With issues such as those concerning land use, food production and natural resource management becoming increasingly important to understand in today’s world, the University of Nevada, Reno has launched a new minor in agricultural communication to help students effectively understand and communicate about issues related to agriculture, biotechnology, natural resources and environmental science. The program is meant to complement existing University courses, and to provide a minor degree for students interested in careers in the diverse agricultural and environmental science communication industry, including as journalists, multi-media producers, advocates or public relations professionals.
The minor is offered by the University’s College of Agriculture, Biotechnology & Natural Resources, and administered by the College’s Department of Agriculture, Veterinary & Rangeland Sciences. It is open to all students attending the University.
“There are a host of topics and issues that we teach about and conduct research on in our College that present communication challenges,” said College Dean Bill Payne. “It’s important that we prepare students to communicate effectively and ethically about these topics of study and research that affect our everyday lives and our future.”
Barry Perryman, chair of the Department, points out that although only about 1% to 1.5% of the U.S. population works in agriculture-related fields, everyone is affected by these fields. He says it’s important to increase understanding of these industries and issues.
“Agriculture-related fields provide food production and security, as well as maintain functioning rangeland ecosystems,” he said. “Our new agricultural communication minor will equip students with the knowledge and skills they need to understand and communicate news and research in these fields through emerging and traditional media sources.”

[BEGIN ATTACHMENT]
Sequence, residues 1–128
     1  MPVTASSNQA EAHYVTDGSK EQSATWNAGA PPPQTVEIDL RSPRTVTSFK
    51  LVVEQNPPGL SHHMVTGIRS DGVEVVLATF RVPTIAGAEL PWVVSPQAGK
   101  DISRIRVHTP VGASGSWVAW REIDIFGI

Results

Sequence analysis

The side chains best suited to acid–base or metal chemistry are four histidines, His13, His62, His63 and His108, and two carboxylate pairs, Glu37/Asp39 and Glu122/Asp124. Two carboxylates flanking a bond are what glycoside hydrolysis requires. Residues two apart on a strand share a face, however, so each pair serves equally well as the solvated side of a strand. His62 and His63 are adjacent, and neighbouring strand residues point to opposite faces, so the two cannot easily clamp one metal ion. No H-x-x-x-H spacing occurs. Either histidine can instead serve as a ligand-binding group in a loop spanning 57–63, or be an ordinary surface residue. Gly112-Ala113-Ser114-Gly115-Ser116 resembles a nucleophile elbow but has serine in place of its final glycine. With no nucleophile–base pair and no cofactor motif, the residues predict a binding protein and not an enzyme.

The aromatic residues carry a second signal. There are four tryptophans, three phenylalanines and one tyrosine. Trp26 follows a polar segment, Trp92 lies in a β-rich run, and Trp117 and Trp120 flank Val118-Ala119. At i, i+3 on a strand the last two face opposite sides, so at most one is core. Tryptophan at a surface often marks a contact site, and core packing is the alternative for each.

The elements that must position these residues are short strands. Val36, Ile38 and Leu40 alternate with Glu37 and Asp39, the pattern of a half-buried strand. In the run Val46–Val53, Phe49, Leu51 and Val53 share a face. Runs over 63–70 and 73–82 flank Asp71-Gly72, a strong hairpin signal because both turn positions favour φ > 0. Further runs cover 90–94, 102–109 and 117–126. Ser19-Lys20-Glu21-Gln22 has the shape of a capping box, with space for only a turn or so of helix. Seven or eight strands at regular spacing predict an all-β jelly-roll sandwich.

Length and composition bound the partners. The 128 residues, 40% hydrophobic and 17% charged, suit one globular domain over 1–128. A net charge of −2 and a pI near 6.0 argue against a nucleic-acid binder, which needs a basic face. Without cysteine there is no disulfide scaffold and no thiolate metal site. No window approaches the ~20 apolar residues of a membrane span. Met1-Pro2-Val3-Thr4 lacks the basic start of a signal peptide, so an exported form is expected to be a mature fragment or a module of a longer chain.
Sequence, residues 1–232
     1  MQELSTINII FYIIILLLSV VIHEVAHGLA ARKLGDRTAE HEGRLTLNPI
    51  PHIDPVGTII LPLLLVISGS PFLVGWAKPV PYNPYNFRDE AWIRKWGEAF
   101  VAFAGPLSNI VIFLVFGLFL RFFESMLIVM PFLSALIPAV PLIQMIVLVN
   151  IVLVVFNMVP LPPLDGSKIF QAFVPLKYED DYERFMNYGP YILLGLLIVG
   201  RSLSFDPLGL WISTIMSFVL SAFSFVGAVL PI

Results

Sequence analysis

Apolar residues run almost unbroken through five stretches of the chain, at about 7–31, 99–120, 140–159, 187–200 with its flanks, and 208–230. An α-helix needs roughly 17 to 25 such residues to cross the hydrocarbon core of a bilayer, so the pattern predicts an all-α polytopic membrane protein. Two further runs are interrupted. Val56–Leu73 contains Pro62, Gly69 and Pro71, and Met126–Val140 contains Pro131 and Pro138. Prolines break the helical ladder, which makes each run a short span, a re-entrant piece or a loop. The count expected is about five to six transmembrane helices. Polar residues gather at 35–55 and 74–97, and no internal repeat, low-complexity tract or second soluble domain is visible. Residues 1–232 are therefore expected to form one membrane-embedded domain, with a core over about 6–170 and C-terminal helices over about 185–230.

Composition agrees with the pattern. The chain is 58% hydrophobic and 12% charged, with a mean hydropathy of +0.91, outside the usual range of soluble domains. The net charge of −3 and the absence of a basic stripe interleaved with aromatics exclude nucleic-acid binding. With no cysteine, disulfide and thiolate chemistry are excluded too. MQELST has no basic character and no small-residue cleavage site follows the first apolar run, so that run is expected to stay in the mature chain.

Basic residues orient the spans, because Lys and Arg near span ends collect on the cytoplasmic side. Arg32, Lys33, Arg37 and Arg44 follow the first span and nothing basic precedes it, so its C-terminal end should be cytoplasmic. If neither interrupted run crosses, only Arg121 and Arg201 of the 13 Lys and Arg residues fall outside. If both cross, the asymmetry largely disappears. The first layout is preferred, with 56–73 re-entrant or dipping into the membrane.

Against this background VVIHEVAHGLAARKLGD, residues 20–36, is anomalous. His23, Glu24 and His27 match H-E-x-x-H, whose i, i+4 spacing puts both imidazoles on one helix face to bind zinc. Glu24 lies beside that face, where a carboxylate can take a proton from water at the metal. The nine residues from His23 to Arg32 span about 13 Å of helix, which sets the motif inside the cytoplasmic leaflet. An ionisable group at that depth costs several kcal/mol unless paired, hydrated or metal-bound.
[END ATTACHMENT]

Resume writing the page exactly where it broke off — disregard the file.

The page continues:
The minor is designed to help students tackle conveying accurate information and emerging research related to a range of topics, such as rangeland ecology and management, plant science, forage science, horticulture, animal science, veterinary science, nutrition and dietetics, biochemistry, forest ecology, and environmental science. The courses cover reporting and public relations fundamentals, as well as how students can leverage technology to become more effective communicators.
Working with communication professionals and scholars, four new courses were developed for the 18-credit program and serve as its core: Introduction to Agricultural Communication, New & Emerging Media in Agriculture, Reporting & Public Relations in Agriculture, and Communicating Agricultural & Environmental Policy. Students in the program also complete the Introduction to Media and Society course, offered by the University’s Reynolds School of Journalism.
The College developed the minor in consultation with the School of Journalism, and with the Department of Communication Studies. Students can choose from more than 20 courses offered by the College, the School of Journalism and Communication Studies to complete the minor, depending on their career goals.
For more information, contact Perryman at his email or 775-784-1265.